Ok, so last week I tantalized you with the first two sections of “In C” on mostly percussion sounds. Now I am playing with the middle section of the piece, which runs from Pattern 20 to 34. I am enjoying the variety of sounds and textures these Ableton instruments provide along with the artifacts they create. I am using artifacts to mean “extra sounds” such as the drum roll or the record scratch. All sounds are triggered at the moments designated in the written music, however, some of the sounds that are triggered carry over where some might say they should not be. I like this extra layer of active sound the artifacts lend to this piece. It feels a bit like excavating something, uncovering a hidden layer that this particular instrument in this exact moment discovered. This many-layered quality of “In C” allows it to be such a chameleon and shape-shifter. A new song emerges moment to moment in the playing.
And as I play and listen to the new song, I am making more orchestration decisions. For example, This recording starts on Pattern 21 instead of 20. I decided to do this because I like a sparse beginning for this section and 20 is a busy 8th note pattern. Also, I am paying close attention to what patterns the bass plays and when. The bass can drive the overall feel of the piece in a different direction really quickly, so I am being selective about the patterns the bass plays. Actually, this is true of all three melodic instruments-the bass, the woodwind and the vibraphone. The more I play with this group of voices, the more I am finding a balance of three strong melodic nstruments and all the big percussion sounds from the beatbox, the Irish toms, the pops and zings of Indian drums. I want to pay more attention to using these varied timbres and patterns to both create amazing moments and move the music along.
Another factor in how this recording moves through these patterns is the use of the Akai APC control surface, pictured here:
The surface allows me to trigger multiple clips at once and to bring things forward and back in the mix easily. I am toying with the idea that I should keep my voices for “In C” to eight and create multiple ensembles to play through the piece. I would have a lot more control of the sound I am bringing when playing the piece with others. Eight voices total for each Ableton ensemble and each ensemble will bring a different sensibility to the piece. Each ensemble could target different sound spectrum frequencies.
So I stripped down the original 15 voices to a group of eight. Since the woodwinds and vibraphone melodically dominate the percussion ensemble, I removed them from this version. I was left with a lot of high shiny sounds. The grunge bass was too buzzy for this group so I switched it out for a bass guitar. This adds a bit of bottom to the sound. The tinny sound of this group of voices made me call it The Music Box Ensemble. With this name in mind, I may go back and make it more music box sounding. I will play more with this ensemble next week.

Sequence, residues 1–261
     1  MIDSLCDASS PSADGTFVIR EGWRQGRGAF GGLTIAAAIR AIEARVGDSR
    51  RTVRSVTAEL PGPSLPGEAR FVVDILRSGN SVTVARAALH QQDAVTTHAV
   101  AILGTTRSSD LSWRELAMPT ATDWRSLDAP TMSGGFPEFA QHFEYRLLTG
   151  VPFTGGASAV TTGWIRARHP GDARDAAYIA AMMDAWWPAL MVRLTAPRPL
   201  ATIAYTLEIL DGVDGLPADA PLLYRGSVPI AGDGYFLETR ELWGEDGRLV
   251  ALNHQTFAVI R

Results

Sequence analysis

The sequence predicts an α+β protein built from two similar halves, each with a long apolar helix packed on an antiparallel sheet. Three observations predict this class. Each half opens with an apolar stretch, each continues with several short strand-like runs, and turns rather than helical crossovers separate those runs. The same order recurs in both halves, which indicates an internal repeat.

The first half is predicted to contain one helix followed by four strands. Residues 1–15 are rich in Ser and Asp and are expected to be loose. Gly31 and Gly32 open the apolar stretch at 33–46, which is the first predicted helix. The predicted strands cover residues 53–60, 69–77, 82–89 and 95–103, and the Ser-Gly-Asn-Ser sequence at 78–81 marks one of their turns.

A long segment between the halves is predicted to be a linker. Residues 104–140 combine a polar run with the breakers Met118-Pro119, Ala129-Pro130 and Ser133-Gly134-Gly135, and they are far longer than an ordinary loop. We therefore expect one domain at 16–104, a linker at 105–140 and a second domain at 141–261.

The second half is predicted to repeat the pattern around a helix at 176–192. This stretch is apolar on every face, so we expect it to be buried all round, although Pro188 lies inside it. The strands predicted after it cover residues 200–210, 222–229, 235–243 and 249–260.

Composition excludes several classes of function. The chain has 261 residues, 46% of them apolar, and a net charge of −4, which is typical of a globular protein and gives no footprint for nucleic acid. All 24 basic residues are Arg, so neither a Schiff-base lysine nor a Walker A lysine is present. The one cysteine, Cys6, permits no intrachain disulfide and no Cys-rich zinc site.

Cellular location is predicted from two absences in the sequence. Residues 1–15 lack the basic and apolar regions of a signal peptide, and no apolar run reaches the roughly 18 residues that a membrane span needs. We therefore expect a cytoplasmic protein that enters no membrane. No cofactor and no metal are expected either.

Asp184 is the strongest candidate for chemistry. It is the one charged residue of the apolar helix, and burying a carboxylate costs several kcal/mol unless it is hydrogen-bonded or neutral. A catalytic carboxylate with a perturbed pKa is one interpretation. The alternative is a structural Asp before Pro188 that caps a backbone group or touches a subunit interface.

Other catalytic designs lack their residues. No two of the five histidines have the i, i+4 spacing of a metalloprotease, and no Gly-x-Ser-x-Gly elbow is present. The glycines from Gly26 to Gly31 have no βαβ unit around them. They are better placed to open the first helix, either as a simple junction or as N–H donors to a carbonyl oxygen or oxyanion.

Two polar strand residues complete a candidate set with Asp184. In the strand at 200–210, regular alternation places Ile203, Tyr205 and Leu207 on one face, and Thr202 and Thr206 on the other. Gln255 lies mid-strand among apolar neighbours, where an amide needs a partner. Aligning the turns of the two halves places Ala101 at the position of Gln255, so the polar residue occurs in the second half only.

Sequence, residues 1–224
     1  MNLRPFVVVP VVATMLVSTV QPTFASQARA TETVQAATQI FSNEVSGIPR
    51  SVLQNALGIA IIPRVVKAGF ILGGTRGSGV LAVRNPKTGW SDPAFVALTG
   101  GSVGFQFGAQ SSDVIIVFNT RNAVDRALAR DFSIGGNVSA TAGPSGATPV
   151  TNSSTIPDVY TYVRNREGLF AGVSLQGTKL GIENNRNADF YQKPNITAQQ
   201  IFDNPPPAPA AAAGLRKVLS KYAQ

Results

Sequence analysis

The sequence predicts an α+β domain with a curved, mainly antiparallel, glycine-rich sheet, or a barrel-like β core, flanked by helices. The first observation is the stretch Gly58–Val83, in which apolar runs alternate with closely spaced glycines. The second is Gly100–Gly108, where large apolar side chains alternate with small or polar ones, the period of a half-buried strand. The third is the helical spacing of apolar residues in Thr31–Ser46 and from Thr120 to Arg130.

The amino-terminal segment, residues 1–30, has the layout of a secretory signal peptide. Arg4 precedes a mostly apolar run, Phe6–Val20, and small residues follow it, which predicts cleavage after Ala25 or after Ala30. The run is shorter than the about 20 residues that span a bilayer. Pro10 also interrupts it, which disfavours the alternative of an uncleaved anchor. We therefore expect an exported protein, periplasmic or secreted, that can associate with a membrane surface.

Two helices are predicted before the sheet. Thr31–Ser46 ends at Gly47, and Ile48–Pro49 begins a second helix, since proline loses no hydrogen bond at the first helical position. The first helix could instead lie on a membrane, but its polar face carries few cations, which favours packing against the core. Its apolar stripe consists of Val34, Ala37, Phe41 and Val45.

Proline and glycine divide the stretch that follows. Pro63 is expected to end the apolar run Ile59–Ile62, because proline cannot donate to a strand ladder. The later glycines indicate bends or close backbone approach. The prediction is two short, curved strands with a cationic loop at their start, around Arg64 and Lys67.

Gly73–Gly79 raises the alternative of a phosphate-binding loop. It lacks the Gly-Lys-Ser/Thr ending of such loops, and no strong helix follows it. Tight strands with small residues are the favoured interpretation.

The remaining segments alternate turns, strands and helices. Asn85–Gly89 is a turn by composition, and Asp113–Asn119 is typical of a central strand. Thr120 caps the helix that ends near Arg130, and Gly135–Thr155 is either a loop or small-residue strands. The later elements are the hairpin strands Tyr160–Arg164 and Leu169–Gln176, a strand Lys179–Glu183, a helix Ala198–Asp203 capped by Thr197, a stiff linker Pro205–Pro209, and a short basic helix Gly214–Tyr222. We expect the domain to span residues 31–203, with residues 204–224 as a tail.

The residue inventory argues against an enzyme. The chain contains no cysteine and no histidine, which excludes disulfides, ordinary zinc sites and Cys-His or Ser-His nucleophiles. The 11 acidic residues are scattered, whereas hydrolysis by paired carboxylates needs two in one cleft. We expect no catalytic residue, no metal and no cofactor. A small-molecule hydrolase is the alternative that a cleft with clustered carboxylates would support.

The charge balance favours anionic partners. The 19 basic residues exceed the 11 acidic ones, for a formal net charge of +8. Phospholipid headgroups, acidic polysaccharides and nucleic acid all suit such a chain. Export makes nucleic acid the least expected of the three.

This morning I was up early and working with the percussion choir. I realized that the woodwind takes up a lot of sonic space and is difficult to blend with the other instruments. It was chosen for those reasons and now I see that simply dropping that voice out or keeping it low in the mix at times would allow the percussion voices more of an arena. This is an exciting discovery! Also, the first drum track has some loud, driving riffs where there are consecutive 16th notes. I want to use these sparsely, so I may cut some of those phrases out of that track. Again, I find myself making orchestration decisions.
Another milestone this morning – I played through the entire piece using the Percussion Choir. I moved at a pretty good clip and finished up in about 30 minutes. This was where I discovered the loud aggressive drum and the sonic overwhelm of the woodwinds. Then after brunch and a walk, I went back in the studio and played through from Pattern 20 to the end of the piece. Then I did it again and this time recorded it. I took the woodwinds out in places to let the percussive elements cut through. Before starting, I went through and eliminated some of the more obnoxious driving drum parts.
I have continued to work the voices in the Percussion Choir to create improved presence and balance. I have spent many hours reviewing and refining these voices. I wanted to make a short recording of Pattern 20 through the end of the piece-Pattern 53. I was using the Akai APC control surface, and did not realize that the frame had cut out the final pattern. Cripes! Then I started laughing cause Patterns 52 and 53 are interchangable once they get going. So, in a way, it did not matter. Plus, the recording wasn’t short! Ha!
Anyway, this recording contains a lot of wonderful moments: hypnotic grooves, suspense, shifting pulses and melodies, poly-rhythms. While this is not exactly the sound I want for the percussion choir, it is pretty close.
I feel this as a turning point in my approach to this piece. I have shifted from the idea of one big Ableton orchestra to multiple 6 to 8 voice ensembles. Each of these ensembles will bring a different sound to “In C.” Since each ensemble will be a different Ableton project set, they will not play together.
This is gonna be FUN!!!!